How to hire and retain Black tech pros — for real

Turning diversity intentions into reality means going outside your comfort zone and making a sustained effort engage, honor, and understand the African American community.

woman using a laptop stands outside a server room / data center / coder / developer / programmer
Christina Morillo (CC0)

American companies are once again promising to increase minority hiring and retention in the aftermath of the 2020 police killings of George Floyd and other Black people and subsequent Black Lives Matter demonstrations. But Black people have heard this promise before — for decades, in fact — with little tangible change in the low employment numbers of Black engineers, developers, and IT pros.

For companies that really do want to change their staffs to better reflect diversity in the US, it’s time to go beyond words and take action. To help you do that, Computerworld talked to several people in the frontlines of promoting the hiring of Black people for tech jobs. Their advice was strong and unambiguous: Define the business case for diversity, then follow up with a determined action plan and establish the metrics to monitor the results and adjust course as needed. And perhaps even harder, learn to truly connect with the Black community to establish the relationships that lead to sustainable diversity.

Some of what they had to say may make you uncomfortable, given the mixture of frustration, weariness, and determination they experience. But a common theme was that the dominant, privileged culture — mainly white and Asian — in tech needs to get outside its comfort zone and get a glimpse of the world the Black community experiences.

“White people haven’t lied to Black people about how they see them,” said Mike Jackson, CEO of the jobs site and consultancy Black Tech Talent, referring to America’s ugly history of slavery, institutionalized “Jim Crow” segregation, and casual discrimination. “But white people lie to white people about where things stand,” he added, referring to an insular culture in which even white people with no intent to discriminate reinforce a false narrative outside their own bubbles.

Tackling systemic racism takes a systemic effort

While there are some individual racists in society and in organizations, it’s systemic racism that thwarts broad progress. Systemic racism doesn’t mean racist intent or action by individuals; it means that the system is designed or has evolved to function in a specific way, reinforcing itself over time in a way that keeps leading to the same results. in the case of tech employment, they work to the disadvantage of Black, Latinx, and Indigenous people, as well as women in general.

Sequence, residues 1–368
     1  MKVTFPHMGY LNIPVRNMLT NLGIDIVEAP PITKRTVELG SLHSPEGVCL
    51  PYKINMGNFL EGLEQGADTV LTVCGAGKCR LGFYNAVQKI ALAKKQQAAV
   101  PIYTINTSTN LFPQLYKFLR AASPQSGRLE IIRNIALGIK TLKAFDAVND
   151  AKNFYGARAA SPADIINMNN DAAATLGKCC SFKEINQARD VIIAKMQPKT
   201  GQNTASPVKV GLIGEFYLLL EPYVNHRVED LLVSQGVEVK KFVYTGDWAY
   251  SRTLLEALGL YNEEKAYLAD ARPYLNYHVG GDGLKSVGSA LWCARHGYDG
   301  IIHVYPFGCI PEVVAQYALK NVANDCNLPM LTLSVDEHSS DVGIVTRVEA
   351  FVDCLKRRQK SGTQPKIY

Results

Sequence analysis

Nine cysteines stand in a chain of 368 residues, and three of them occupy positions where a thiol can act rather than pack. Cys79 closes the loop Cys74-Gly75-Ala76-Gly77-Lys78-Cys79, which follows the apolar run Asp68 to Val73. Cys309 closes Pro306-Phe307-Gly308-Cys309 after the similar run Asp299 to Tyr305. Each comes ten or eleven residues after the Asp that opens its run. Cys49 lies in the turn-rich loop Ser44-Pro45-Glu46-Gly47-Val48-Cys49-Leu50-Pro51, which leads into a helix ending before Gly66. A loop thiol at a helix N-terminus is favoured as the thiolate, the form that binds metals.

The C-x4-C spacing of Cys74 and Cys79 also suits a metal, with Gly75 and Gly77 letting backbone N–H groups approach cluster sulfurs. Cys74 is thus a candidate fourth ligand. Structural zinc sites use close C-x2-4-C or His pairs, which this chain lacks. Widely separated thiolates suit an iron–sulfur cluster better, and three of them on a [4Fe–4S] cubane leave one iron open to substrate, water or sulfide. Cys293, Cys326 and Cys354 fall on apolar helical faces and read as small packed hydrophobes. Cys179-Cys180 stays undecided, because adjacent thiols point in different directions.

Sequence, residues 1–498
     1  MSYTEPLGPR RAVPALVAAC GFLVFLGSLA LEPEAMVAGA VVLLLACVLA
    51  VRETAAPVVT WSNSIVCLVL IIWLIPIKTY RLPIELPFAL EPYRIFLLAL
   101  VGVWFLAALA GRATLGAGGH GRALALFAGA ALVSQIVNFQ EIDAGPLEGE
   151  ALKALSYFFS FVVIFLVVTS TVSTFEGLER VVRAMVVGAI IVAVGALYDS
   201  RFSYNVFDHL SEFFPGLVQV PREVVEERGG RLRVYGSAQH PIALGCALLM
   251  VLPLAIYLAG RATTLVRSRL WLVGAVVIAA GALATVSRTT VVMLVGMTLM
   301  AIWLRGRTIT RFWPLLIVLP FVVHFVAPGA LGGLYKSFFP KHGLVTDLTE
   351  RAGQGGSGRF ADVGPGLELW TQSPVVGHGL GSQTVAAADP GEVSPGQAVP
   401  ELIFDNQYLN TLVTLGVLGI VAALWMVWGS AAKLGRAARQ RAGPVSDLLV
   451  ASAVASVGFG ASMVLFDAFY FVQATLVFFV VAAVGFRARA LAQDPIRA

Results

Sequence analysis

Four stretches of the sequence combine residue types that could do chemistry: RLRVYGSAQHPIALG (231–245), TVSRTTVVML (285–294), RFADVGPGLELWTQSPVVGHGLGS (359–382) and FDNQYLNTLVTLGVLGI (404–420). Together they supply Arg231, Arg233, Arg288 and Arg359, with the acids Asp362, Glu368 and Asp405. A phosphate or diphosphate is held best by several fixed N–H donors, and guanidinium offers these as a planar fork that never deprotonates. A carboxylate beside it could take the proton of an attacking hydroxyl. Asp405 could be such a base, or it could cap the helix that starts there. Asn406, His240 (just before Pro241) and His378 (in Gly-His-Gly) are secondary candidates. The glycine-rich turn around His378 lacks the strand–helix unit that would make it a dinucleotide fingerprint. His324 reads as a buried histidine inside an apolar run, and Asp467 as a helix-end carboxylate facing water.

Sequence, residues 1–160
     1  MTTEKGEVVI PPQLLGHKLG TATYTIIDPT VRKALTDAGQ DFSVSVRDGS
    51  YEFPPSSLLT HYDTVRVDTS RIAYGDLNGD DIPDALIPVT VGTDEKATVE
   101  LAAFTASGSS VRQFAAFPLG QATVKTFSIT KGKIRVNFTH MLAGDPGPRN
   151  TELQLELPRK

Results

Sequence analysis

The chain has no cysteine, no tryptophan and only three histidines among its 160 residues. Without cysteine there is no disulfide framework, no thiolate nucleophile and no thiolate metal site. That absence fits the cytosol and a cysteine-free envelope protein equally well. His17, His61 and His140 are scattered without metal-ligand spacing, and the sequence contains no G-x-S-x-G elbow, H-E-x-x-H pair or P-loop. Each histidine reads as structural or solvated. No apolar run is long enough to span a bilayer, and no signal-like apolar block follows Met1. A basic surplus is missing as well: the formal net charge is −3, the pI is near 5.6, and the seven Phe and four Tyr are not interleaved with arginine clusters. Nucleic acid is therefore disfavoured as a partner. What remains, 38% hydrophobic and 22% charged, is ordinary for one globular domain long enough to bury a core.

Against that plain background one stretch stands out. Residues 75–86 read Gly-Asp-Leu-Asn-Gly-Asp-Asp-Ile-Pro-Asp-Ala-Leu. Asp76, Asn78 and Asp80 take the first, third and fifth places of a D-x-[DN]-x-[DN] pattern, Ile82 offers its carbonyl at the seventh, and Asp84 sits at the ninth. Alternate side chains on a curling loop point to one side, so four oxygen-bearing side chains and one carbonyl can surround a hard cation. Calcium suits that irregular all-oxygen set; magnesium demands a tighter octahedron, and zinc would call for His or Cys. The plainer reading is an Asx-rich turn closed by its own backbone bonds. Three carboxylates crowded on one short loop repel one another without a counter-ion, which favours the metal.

“Current systems are set up to propagate what we already have,” says Lauren Romansky, managing vice president of Gartner’s HR practice. Simply put, people hire people they know from sources they know, so their hires are like them. The result is exclusion, though not done intentionally.

The insularity of an organization is especially problematic “when you are hiring for roles that are complex, networked, or need results yesterday,” Romansky says. In those situations, “the inclination to hire what you know is greater. The pool you are pulling from is not diverse from the beginning.”

That phenomenon may partially explain why the tech industry especially struggles to hire Black and other non-white workers. By contrast, government, finance, and healthcare have done better in hiring Black IT professionals. Larger organizations in those traditional industries typically have more explicit processes around hiring from a diverse community and take a longer, more systemic view of staff development. For example, they may rotate promising staffers among jobs to build their expertise for eventual management roles.

In government, such processes are typically mandated, and not just for staff — contractors and vendors must typically meet diversity requirements. That creates a network of diversity within and adjacent to the organization.

That reality speaks to the need for an intentional, broad, long-term effort to increase diversity, Romansky says. It greatly helps if there is a business case, too. “You need to know why you are doing it. Often having a team with different perspectives helps increase profitability and success. Sometimes the business case is around societal value,” she says. “You also need to know the consequences of not doing it. You will be further away from the societies you will be serving and operate within.”